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Centre Bridge-Stockton Bridge


Photo of Stockton Bridge

The original Centre Bridge-- an uncovered wooden structure--was constructed in the vicinity of a York Road ferry knownl variously as Reading’s Ferry, Howell’s Ferry, or Mitchell’s Ferry. News clippings from that era show the bridge opened on January 10, 1814. It was the third private toll bridge to be opened along the Delaware River -- the first at Trenton in January 1806 and the second at Easton in September 1806. Owned and operated by the Centre Bridge Delaware Bridge Company, the structure soon competed with the nearby New Hope Bridge after it opened in September 1814. The Centre Bridge, however, had structural problems and had to undergo significant reconstruction within 20 years.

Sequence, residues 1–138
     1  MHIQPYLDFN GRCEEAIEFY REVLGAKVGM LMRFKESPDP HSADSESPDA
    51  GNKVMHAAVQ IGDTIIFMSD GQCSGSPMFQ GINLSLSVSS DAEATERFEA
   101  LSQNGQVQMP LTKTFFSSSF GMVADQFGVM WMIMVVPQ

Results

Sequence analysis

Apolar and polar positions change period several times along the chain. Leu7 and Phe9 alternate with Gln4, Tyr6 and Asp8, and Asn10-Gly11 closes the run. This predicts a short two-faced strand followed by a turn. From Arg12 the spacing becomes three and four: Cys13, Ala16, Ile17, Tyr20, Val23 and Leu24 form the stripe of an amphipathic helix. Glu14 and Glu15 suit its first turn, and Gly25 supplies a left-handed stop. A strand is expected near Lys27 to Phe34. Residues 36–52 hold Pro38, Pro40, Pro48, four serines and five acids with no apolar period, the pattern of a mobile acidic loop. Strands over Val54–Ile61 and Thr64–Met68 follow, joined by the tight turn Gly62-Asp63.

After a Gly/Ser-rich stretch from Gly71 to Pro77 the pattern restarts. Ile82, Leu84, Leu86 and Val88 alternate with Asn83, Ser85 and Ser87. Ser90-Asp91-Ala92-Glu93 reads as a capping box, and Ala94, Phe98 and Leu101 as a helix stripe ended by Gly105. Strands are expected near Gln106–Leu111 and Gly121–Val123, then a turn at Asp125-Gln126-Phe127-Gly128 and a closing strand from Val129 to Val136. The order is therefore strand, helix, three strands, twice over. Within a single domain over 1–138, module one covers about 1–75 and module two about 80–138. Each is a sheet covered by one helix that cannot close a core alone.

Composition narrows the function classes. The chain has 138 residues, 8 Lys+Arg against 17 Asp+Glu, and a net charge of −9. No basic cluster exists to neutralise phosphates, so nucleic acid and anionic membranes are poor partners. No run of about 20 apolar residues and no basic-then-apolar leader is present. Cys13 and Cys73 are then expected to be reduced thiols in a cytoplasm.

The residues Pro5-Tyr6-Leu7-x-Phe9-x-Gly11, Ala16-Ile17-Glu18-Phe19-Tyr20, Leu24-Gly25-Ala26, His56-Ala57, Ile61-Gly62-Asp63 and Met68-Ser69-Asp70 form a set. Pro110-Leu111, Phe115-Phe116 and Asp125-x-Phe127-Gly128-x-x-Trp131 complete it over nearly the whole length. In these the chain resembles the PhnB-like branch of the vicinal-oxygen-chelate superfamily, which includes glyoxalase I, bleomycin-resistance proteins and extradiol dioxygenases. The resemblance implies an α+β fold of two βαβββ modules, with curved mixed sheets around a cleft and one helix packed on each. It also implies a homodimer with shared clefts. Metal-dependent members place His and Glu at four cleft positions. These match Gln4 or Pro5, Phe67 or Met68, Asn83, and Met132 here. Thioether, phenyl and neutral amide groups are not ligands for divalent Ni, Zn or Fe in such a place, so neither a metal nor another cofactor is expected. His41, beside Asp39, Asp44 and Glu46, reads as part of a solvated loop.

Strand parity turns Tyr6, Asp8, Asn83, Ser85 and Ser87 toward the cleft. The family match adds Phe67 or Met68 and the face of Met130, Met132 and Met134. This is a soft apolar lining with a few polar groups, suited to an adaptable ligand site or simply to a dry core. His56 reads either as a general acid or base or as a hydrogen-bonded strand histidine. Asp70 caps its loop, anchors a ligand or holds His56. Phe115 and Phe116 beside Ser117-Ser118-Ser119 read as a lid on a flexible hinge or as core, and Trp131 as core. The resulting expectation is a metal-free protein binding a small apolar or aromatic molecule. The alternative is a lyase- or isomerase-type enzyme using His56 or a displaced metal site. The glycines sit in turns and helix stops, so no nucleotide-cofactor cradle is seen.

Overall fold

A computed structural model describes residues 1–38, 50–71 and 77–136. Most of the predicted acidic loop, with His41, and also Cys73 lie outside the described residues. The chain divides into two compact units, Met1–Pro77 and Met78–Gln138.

The existing bridge opened to traffic in 1927. It is a six-span, riveted steel Warren truss structure with a total length of 825 feet. It was designed by former Bridge Commission Chief Engineer Edwin W. Denzler, Jr. A steel open-grate deck, added to the bridge in 1990, provides a clear roadway width of 20 feet between thrie-beam railings. A six-foot timber-plank pedestrian sidewalk, also replaced in 1990, is supported on the downriver truss by steel cantilever brackets.

Centre Bridge is Bridge 3 on loop trails. Distance upstream to Lumberville, 3.3 miles. Distance to New Hope downstream, 3.1 miles. Photo: Delaware River Joint Toll Bridge Commission.

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Contact Information
Delaware River Joint Toll Bridge Commission
1199 Woodside Road
Yardley PA 19067